In the space of 24 seconds of game clock, he knocked the ball out of guard Prentiss Hubbs’ hands as he tried to make a pass in the lane, deflected a backcourt pass by guard Cormac Ryan and then snuck around forward Nate Laszewski to poke the ball away as he turned his back on Alvarado on the dribble.

The last one may have been the most impressive. Because of a defensive switch, Alvarado found himself in the low post defending 6-foot-11 Juwan Durham, who backed in the 6-foot, 179-pound Alvarado, took one dribble and turned to shoot. That was all the opportunity Alvarado needed; as Durham gathered the ball at hip level to bring it up for a shot, Alvarado knocked it loose and dove to the floor to recover it.

“When they dribble the ball, they’ve got to put the ball above their waist eventually,” Alvarado said. “I can try to time it and once see that I can get it that’s when I try to take my chance to get it.”

Alvarado’s defensive might hasn’t been restricted only to his thefts. In Tech’s loss to No. 9 Virginia last week, coach Josh Pastner assigned Alvarado to defend 6-8 forward Sam Hauser, who was averaging 15.4 points per game to lead the Cavaliers. Alvarado clung to Hauser, denying him opportunities to receive the ball and suffocating him when he got it. When Hauser tried to exploit his height advantage in the post, Alvarado’s activity prevented him from getting comfortable. Hauser finished with a season-low eight points.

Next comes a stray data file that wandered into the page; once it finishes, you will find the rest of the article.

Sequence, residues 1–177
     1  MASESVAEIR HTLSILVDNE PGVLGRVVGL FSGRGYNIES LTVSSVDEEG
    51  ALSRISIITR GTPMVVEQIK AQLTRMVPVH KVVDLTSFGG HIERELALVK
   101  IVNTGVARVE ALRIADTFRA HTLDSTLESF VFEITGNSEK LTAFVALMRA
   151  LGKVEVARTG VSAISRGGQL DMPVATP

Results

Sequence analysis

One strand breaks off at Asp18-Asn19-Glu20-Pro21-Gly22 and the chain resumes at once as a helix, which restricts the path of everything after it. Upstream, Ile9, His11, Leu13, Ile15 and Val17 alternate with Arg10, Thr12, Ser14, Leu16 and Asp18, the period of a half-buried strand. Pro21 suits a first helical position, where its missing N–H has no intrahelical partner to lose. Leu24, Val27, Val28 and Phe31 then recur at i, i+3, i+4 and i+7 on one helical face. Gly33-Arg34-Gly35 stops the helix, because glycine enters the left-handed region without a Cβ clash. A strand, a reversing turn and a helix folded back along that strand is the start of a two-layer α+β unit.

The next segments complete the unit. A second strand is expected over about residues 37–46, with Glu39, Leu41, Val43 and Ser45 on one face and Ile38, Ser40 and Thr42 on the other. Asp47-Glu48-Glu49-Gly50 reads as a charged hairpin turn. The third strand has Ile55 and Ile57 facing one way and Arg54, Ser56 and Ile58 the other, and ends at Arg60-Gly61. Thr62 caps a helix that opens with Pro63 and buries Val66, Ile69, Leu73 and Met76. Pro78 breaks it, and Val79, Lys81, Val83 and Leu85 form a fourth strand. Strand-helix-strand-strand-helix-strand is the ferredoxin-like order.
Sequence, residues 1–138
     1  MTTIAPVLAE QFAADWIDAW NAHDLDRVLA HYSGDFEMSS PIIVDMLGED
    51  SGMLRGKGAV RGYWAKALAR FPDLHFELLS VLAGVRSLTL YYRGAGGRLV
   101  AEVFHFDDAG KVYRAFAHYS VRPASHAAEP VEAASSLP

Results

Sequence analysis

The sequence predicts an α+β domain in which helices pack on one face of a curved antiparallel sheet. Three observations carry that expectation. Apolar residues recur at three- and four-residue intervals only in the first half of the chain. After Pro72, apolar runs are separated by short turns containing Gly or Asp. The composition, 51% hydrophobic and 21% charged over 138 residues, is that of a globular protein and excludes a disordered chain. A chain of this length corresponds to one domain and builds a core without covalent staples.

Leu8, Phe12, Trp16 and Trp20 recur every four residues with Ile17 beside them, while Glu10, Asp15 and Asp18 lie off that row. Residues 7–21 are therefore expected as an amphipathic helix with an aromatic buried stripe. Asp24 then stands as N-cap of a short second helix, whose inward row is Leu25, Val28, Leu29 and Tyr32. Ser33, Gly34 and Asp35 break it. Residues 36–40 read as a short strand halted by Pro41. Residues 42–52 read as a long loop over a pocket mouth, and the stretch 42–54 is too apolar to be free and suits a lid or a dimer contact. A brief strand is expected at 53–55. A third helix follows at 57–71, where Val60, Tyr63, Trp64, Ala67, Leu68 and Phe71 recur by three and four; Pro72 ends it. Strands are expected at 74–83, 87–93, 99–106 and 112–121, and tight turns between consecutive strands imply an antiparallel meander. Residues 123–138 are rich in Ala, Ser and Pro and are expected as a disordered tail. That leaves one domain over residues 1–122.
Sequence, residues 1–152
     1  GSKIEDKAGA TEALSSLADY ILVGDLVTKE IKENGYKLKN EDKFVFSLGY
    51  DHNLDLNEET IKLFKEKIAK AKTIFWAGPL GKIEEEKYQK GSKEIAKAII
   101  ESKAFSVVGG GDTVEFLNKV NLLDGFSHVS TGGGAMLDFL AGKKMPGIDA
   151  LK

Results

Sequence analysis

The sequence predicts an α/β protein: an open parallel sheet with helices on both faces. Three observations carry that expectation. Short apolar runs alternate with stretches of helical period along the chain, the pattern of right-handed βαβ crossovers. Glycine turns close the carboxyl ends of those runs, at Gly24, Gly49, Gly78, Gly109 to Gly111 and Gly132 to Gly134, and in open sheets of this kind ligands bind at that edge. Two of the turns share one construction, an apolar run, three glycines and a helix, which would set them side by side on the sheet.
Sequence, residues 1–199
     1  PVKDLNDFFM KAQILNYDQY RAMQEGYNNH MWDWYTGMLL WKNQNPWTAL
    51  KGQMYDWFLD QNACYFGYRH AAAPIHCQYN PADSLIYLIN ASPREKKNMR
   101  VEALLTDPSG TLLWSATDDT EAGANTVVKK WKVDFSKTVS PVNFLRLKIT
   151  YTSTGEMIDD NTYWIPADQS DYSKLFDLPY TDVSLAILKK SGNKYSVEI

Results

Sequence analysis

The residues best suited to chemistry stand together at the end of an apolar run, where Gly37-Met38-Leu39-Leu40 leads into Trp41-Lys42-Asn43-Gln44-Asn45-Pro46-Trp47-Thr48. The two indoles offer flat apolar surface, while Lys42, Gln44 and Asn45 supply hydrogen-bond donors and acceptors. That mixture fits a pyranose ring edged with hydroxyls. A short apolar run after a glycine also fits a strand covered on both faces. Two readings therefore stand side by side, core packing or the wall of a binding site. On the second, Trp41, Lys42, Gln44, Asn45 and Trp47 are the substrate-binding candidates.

“He’s experienced and he’s really got a defensive mindset,” Virginia coach Tony Bennett said of Alvarado prior to the game. “And he’s very quick with really good instincts.”

After the Virginia game, Pastner touted Alvarado as the ACC defensive player of the year. He would be Tech’s second winner, following center Ben Lammers in 2017, Pastner’s first season.

“I don’t know who’s a better defender than Jose Alvarado in this league,” Pastner said.

Alvarado has simultaneously developed into a highly effective offensive player – he was fifth in the ACC in scoring (16.8 points per game) after Sunday’s games. But Alvarado puts defense first. It’s the mindset he has embraced since his days playing in the schoolyard next to his middle school, PS/MS 200 in Queens. Before he locked in on the likes of Hauser and Notre Dame’s Prentiss Hubb, he trained his sights on older kids named Tyler, Vance and Vell.

Alvarado said he loved playing defense and always wanted to take on the other team’s best player.

“When they scored on me, it was like they went in my house and literally took everything that I had,” Alvarado said. “It was just something that I was so prideful in. That’s what it is. I don’t think defense is a strategy. I think defense is heart.”

That competitiveness is the essence of the player who has endeared himself to Tech fans since his freshman season – tough, passionate and unrelenting.

“He bleeds the energy and the character of Georgia Tech,” said Wilkins, the Tech assistant. “And he is as compelling of a young man as you will find. He’s got the best energy in the world.”